By Suzie Dunn

New research by Amnesty International demonstrates the egregious level of abuse and harassment women face on social media, particularly women leaders and women of colour, women from ethnic or religious minorities, lesbian, bisexual or transgender women, non-binary individuals, and women with disabilities. Dillon Black and Suzie Dunn of The eQuality Project had the opportunity to meet with Amnesty International’s Azmina Dhrodia while she was in Canada for RightsCon, an international conference focused on human rights in the digital age, to discuss this issue. Dhrodia is a researcher on Technology and Human Rights at Amnesty International where she investigates the human rights implications of online violence and harassment against women on social medial platforms. She has spearheaded reports including Unsocial media: A toxic place for women, and more recently #ToxicTwitter, that illuminate the experiences women have on social media platforms, and the ways in which abuse and harassment lead to the silencing of women’s voices.

#ToxicTwitter researchers conducted qualitative and quantitative research between December 2016 and March 2018, on women’s experiences on social media platforms, focusing on the nature and impact of the violence and abuse. They interviewed women and non-binary individuals from the United Kingdom and the United States who are influencers on Twitter, conducted focus groups with young women, spoke with experts on human rights in the digital age, and conducted a qualitative survey and poll across several countries to assess women’s experiences on Twitter. Dhrodia told The eQuality Project, “This research is important because for too long women’s experiences of violence and abuse on social media platforms have been ignored or women have been expected to just deal with it. This report demonstrates why violence and abuse against women online is a human rights issue. Women have the right to express themselves online equally, freely and without fear and Twitter must do much more to ensure its adequately meeting its human rights responsibilities.”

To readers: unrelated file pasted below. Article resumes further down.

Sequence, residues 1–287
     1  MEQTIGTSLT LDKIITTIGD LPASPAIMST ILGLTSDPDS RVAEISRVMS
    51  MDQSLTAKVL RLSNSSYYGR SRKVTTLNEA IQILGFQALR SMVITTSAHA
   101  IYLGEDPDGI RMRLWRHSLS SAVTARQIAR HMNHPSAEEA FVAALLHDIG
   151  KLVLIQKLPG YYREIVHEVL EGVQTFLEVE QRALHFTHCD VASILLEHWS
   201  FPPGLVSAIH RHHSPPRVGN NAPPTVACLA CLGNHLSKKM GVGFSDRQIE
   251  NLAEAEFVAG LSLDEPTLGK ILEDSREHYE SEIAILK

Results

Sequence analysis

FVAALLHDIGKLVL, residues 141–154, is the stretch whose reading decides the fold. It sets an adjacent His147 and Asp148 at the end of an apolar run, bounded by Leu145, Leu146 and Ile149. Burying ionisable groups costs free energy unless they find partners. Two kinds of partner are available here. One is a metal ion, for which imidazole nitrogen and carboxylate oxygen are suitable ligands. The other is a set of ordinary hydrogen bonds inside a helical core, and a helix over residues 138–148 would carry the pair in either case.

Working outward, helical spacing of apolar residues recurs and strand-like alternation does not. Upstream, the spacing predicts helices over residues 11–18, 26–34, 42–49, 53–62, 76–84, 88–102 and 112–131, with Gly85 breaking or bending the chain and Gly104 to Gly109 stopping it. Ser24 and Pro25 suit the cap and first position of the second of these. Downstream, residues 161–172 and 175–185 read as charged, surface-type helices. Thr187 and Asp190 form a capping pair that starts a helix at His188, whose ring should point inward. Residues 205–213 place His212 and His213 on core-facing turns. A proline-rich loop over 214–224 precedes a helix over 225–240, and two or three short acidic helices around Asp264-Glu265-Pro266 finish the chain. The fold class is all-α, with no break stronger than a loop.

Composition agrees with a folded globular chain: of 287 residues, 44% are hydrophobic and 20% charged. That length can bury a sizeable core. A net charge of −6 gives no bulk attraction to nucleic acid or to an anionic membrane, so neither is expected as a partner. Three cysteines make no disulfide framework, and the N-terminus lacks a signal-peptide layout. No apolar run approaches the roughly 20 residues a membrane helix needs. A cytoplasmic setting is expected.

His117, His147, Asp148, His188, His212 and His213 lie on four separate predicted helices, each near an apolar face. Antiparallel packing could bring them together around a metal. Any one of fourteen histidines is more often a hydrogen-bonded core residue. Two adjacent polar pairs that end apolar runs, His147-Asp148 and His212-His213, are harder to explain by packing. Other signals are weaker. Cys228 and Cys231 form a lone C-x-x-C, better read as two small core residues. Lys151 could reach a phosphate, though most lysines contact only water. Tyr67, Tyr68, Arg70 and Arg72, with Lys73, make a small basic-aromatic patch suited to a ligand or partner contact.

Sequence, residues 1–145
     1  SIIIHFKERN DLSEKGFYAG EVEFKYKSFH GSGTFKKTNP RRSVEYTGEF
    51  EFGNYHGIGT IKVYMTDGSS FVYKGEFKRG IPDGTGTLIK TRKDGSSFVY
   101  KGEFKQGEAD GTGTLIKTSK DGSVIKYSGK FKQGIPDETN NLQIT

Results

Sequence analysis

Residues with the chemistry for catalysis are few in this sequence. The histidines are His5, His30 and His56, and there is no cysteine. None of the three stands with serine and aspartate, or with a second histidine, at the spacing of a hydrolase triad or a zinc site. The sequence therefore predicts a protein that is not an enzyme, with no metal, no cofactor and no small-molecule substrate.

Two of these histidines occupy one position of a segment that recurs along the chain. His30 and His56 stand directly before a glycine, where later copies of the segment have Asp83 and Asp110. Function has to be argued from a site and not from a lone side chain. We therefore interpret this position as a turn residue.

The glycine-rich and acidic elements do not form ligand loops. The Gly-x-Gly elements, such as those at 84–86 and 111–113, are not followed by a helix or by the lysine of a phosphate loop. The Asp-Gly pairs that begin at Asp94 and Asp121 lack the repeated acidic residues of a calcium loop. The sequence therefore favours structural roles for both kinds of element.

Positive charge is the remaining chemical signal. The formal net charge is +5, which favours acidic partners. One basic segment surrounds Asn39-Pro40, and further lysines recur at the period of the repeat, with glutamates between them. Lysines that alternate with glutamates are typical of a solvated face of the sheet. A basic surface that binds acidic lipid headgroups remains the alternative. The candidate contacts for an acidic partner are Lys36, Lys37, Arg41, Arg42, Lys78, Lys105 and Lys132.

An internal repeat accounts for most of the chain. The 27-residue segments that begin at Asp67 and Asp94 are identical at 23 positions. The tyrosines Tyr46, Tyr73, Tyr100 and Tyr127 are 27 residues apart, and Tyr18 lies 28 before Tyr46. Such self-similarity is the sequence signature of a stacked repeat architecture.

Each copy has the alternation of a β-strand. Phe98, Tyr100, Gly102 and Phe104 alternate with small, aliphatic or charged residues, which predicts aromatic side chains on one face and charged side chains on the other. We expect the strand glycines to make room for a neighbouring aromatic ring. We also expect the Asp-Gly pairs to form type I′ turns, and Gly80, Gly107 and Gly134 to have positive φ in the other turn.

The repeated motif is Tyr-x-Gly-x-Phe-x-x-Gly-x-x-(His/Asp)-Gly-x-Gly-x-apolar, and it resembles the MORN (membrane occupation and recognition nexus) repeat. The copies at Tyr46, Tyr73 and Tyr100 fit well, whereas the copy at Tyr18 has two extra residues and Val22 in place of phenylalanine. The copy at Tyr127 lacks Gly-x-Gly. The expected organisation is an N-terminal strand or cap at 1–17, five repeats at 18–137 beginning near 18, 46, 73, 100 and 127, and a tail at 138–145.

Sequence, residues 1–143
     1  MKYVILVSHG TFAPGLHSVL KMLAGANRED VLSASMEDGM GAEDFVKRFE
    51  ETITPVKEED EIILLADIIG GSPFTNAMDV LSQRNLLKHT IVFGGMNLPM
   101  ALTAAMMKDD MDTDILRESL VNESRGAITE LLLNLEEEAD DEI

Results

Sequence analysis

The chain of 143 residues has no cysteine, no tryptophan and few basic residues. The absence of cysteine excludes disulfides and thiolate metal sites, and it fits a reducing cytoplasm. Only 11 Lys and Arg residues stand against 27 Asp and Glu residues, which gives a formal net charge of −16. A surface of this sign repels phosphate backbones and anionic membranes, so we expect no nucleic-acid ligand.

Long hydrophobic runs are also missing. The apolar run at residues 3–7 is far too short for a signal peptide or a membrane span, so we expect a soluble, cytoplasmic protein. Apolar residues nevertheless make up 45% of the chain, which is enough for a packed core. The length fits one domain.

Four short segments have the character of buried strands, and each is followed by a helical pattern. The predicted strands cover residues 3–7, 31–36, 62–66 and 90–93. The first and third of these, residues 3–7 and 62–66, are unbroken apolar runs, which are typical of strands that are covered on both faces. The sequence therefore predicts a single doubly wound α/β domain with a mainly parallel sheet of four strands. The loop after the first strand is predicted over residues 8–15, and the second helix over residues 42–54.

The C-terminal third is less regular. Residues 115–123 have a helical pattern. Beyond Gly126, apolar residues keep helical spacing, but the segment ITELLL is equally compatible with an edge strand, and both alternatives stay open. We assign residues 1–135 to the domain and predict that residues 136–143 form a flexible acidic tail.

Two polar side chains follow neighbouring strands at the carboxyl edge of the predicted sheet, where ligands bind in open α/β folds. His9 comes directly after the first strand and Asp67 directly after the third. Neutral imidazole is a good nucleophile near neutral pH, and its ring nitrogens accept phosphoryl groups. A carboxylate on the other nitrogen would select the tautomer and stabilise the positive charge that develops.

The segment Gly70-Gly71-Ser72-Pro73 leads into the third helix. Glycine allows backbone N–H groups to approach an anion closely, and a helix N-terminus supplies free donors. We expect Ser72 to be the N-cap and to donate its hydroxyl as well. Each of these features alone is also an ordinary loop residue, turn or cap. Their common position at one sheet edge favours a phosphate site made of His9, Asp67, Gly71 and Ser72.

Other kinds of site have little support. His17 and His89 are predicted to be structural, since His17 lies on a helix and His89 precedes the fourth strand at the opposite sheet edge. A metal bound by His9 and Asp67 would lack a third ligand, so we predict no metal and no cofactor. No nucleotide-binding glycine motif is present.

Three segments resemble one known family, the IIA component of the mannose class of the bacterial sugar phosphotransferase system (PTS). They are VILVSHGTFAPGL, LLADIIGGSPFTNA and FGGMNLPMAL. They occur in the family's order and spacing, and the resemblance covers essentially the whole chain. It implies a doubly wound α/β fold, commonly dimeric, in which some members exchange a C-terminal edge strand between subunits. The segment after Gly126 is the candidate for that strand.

#ToxicTwitter’s findings reaffirmed what many women already know about interacting on social media platforms: “Twitter can be a toxic place for its female users.” The report acknowledges the value of social media spaces as a place for women to express themselves, connect with the greater world, and advocate for women’s rights, but when faced with violent and abusive attacks, it can drive women to self-censor and remove themselves from these important spaces for civic dialogue. Topics such as race and feminism could trigger attacks, and woman journalists and politicians faced significant abuse online in particular. Violent threats and misogynistic language were common and reporting the abuse to Twitter was inconsistent and largely ineffective. With this significant level of abuse and lack of response by Twitter, women experienced significant psychological harms. Amnesty’s research found that women reported feeling fear, stress, anxiety, panic attacks, powerlessness and a loss of confidence as a result of the abuse they experienced.

Toxic Twitter is a call to action, to demand that social media companies do better to protect their users from human rights violations. If you want to participate in helping make a change, Amnesty has launched Troll Patrol where crowd sourced volunteers are asked assess whether a Tweet is abusive, problematic or harmless so Amnesty can have the data they need to show what online abuse looks like and in the long-run help develop a machine learning program to detect abuse online. As Dhrodia says, “So far we’ve had almost 6,000 people help Amnesty classify over half a million tweets sent to female politicians and journalists. Together we can further understand the true nature and scale of violence abuse against women online and explore how machine learning can be used to detect such forms of abuse in the future.”